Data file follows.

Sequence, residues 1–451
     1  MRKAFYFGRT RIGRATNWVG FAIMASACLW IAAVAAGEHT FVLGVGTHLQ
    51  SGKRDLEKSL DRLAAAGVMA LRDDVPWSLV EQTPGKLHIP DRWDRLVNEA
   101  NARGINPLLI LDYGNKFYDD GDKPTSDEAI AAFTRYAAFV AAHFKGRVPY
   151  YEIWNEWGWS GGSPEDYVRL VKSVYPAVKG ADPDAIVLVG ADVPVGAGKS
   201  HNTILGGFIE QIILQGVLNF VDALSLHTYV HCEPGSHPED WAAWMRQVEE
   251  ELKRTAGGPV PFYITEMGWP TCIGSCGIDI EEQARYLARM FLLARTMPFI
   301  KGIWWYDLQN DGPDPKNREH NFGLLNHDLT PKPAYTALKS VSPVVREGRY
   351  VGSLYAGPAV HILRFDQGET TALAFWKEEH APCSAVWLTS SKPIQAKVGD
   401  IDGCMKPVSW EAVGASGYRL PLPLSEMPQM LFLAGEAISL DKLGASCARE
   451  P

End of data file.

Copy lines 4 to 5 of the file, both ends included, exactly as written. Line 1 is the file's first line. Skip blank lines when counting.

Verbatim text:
   101  NARGINPLLI LDYGNKFYDD GDKPTSDEAI AAFTRYAAFV AAHFKGRVPY
   151  YEIWNEWGWS GGSPEDYVRL VKSVYPAVKG ADPDAIVLVG ADVPVGAGKS